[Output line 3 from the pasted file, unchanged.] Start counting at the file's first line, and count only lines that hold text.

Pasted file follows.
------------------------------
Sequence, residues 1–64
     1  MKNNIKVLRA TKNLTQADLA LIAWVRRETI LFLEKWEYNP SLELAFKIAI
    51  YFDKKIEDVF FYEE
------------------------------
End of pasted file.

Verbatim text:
    51  YFDKKIEDVF FYEE